A recent Change Research poll found that only 6% of Alaska Republicans, 48% of Democrats, and 32% of Independents approve of Senator Murkowski. More than half (59%) disapprove of Murkowski and just 26% approve of her tenure. Murkowski’s low approvals are not a recent development. A PPP poll from summer 2020 found numbers nearly identical to those from Change Research, just with a bit more Approving Republicans (17% vs 6%) and a bit less Approving Democrats (41% vs 48%). Large numbers of Democrat-leaning voters distrust her simply because of party affiliation. Murkowski is insufficiently conservative for Alaska’s Republicans, but votes the Republican line too often on important issues for Democrats to embrace the Senator. Cross-party cooperation insufficiently satisfies either partisan camp and leaves Murkowski vulnerable.
Murkowski’s decision to vote in favor of the second Trump’s second impeachment severed ties with the former President and loyal Trump voters. Her actions during the January impeachment led the Alaska Republican Party to censure Murkowski, further rupturing party support. Trump endorsed Kelly Tshibaka on June 18th and the Alaska Republican party followed suit with their own endorsement on July 10th. Tshibaka lacks a statewide profile – her only government experience is leading the Alaska Department of Administration. Her persona of a Trump-aligned “outsider” compensates for deficiencies of experience. Murkowski does still enjoy some of the benefits of incumbency, such as support from the senate leadership and their donor network.
The senator’s poor approvals do not translate into a winning coalition. Change Research tested a ranked-choice ballot featuring Murkowski, Tshibaka, Democrat-aligned Independent Al Gross, and a minor candidate from the American Independence Party. In that test Murkowski is in third place. A Cyginal poll from March found Murkowski in a similar predicament. She lacks the first-preference support needed and is instead eliminated and her supporters redistributed.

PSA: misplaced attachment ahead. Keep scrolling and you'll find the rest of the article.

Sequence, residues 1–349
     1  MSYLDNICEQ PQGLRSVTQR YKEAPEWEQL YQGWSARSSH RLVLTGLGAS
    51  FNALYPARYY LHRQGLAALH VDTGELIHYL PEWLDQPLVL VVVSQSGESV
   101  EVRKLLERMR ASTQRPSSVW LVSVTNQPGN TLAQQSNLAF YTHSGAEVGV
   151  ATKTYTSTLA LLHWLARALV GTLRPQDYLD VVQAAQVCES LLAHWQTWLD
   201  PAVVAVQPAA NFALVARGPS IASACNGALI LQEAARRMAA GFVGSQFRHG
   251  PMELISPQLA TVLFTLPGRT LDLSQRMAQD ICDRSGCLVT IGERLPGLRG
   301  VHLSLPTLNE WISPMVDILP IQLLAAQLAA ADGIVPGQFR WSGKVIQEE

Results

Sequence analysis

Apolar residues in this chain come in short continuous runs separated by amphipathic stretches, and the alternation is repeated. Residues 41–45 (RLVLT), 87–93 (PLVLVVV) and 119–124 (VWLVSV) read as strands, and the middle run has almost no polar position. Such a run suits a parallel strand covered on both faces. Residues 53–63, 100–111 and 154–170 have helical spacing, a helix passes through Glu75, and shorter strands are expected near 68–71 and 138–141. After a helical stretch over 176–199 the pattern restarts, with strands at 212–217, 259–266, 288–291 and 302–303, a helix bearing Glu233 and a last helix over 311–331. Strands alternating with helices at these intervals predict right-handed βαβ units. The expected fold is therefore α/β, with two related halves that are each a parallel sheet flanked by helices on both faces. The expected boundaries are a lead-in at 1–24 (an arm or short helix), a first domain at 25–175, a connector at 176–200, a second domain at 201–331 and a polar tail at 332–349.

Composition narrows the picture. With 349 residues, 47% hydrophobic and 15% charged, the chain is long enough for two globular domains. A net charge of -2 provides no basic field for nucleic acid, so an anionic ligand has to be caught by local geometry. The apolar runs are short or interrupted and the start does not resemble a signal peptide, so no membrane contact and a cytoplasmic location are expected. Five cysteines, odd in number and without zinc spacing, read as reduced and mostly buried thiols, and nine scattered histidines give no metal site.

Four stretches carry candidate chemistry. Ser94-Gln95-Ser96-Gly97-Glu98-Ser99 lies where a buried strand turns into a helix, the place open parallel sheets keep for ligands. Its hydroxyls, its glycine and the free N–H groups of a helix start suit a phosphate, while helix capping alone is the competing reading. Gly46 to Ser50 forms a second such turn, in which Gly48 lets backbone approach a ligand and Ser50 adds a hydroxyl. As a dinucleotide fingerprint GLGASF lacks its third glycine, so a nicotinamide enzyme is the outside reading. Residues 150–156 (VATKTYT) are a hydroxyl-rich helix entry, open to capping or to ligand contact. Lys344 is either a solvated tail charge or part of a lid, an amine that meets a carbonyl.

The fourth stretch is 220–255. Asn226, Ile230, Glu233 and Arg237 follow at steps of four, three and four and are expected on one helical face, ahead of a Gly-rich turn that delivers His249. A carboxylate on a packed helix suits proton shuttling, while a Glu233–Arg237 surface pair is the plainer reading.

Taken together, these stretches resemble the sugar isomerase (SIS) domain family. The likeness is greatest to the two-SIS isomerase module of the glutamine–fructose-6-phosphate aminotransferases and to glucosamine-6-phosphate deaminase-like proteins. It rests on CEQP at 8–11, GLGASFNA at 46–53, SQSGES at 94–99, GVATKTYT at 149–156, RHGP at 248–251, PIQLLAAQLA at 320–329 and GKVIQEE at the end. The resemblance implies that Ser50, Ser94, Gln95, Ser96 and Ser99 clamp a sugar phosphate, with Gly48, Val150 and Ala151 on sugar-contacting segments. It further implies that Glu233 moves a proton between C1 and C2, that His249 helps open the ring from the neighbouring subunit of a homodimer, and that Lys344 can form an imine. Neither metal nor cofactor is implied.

The Electoral Struggle
Murkowski is unpopular and unlikely to win reelection. Her situation is reminiscent of Arizona Senator Jeff Flake’s. Flake angered all sides of the electorate by publicly disagreeing with Trump but voting with the senate GOP majority, a situation that led to Flake’s retirement before the 2018 election. Murkowski is not fundraising as if she is in a competitive election. Like Flake, she too may be considering retirement rather than struggle for reelection.
The alternative Murkowski has is to not run as a Republican candidate. Murkowski said she does not want to be part of a Trump loyalist party in the aftermath of the January 6th riots, and when the state’s GOP subsequently censured her, the party stated that Murkowski should not run as a Republican in 2022. However, the Senator consistently says she is not a Democrat. Murkowski’s approval ratings suggest that the Republican label is hindering her reelection rather than helping. Aligning with the Independents and Democrats who approve of the Senator would improve her electoral prospects. After all, Murkowski has experience winning without the official Republican party label, and she still could repeat her 2010 upset.
Ben Lefkowitz (@OryxMaps) is a Contributor to Decision Desk HQ.